What do you think of when someone tells you that they’re a scientist or an artist? You probably don’t know exactly what they do – there is huge variety in the arts and the sciences – but you have a rough idea. Compare this with someone telling you that they work in the humanities? What is that, you might say? And what do you call someone who works in the humanities? A humanist? The term is catching on in the United States, but if often carries the wrong connotations. Of course, we have a better sense of what someone does if they tell us they are a historian, or an anthropologist, or philosopher or linguist. The trouble is the want of a collective term for researchers in the humanities, along with the obscurity of the term ‘humanities’ for the wider public.
Think back to the complaint made by C.P Snow in his lecture on the two cultures. At that time, Snow thought that most educated people know what went on in the literary humanities but he worried that they knew very little about science. Nowadays, it may seem to be just the reverse. The sciences have done a great job on public understanding and the public at large read a lot of popular science in books and magazines. The appetite is there and it is being fed by those who are able to explain their subject with clarity and passion, and it is the humanities which are now lagging behind and not getting their message across. If anything, we now need professors in the public understanding of the humanities. So how should we address this issue?
One way is simply to show people the best of what we do through a festival of the humanities in which researchers can showcase the latest research, making it accessible to a wider audience and showing that it is relevant to people’s lives. After all, there are festivals of science and arts festivals. Why not a humanities festival? Well, there is the issue of that word, humanities.
So for that reason, we have come up with the festival title Being Human, a title previously used as a theme for a humanities festival at King’s College, London.
Most of what we do in the humanities addresses aspects of the human world, examining the expression of our natures and thinking through the products of individual and collective minds. We uncover the factors that shape human culture and explore the way cultures have shaped us. The vast outpouring of human creativity in music, literature, art and design, are all subjects of study, and through the interpretation and understanding of these works we hope to get just a little closer to what we are, and who we are, as human beings. Each expression of mind is an act of communication that looks to reach out and change our way of thinking and feeling. These are essentially human traits that mark us out as the species we are. Though our sense of ourselves as humans has been shifting and changing with the recent findings of genetics and neurobiology. Many cherished notions that guide our sense of ourselves as free agents and moral beings have been put in question and people are very keen to address these issues.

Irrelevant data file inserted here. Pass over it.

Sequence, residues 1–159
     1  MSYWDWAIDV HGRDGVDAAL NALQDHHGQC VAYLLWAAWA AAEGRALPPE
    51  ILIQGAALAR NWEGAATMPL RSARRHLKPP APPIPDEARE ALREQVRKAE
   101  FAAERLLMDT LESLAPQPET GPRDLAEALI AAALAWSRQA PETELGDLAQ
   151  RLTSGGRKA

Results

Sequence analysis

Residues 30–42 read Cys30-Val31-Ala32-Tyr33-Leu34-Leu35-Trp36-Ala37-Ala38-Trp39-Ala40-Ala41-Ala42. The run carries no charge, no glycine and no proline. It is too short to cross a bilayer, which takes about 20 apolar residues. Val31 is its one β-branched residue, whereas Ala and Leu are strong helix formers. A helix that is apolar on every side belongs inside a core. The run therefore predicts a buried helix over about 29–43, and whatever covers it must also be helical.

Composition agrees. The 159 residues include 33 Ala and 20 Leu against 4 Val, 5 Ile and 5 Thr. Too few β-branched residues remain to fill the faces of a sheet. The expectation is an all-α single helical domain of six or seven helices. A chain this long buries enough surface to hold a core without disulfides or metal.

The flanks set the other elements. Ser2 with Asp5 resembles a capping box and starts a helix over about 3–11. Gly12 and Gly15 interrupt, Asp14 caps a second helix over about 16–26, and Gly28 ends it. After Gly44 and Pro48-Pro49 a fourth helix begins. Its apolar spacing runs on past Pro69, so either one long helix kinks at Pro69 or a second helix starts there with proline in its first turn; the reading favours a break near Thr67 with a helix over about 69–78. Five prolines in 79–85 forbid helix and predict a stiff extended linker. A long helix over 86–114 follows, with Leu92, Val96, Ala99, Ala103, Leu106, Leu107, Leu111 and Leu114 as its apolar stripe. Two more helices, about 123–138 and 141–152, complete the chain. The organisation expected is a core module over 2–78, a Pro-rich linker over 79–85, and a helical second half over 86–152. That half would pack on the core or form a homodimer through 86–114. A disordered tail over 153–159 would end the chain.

Researchers in the humanities are increasingly working with colleagues in the sciences and social sciences to engage with these questions and to locate them in their proper context. We all feel that we are living in a complicated world where things are speeding up and where we are deluged by information and rapid technological change. But have we been here before? How did we face the large leaps forward in technology in the past? There are models here we can learn from, helping us to understand the future through the past.
We are in an age of big data and we tend to think that digital technology will reform our ways of thinking and learning. But in the humanities we have always had big data: vast libraries and collections that had to be organised and catalogued, while still being useful to those who might need the information. We relied on curators who handled anything from text, to objects, recordings, paintings, and drawings, giving us access to them and revealing connections between them. These skills are needed even more in the digital age for if we don’t digitally curate all the information we are gathering it will become useful landfill in the future. The skills we have of selecting, grouping and discarding information have been the cornerstone of historical research, and they have formed habit of mind that may yet still serve us well in navigating our way through the information around us. These skills of analysis and interpretation are useful in everyday life and probably more needed than ever. But they are also increasingly sought out by those in other disciplines.
In the sciences and the arts, there is a desire to set the ideas, methods and questions in a wider context, to locate the current thinking in its historical setting and to learn from the past to provide improved understanding of our futures. Humanities research has a lot to offer and exciting collaborations across the arts, humanities and sciences are already taking place. Being Human will be a chance to explore and discover the very best of this work and to catch the excitement and vitality of the humanities today.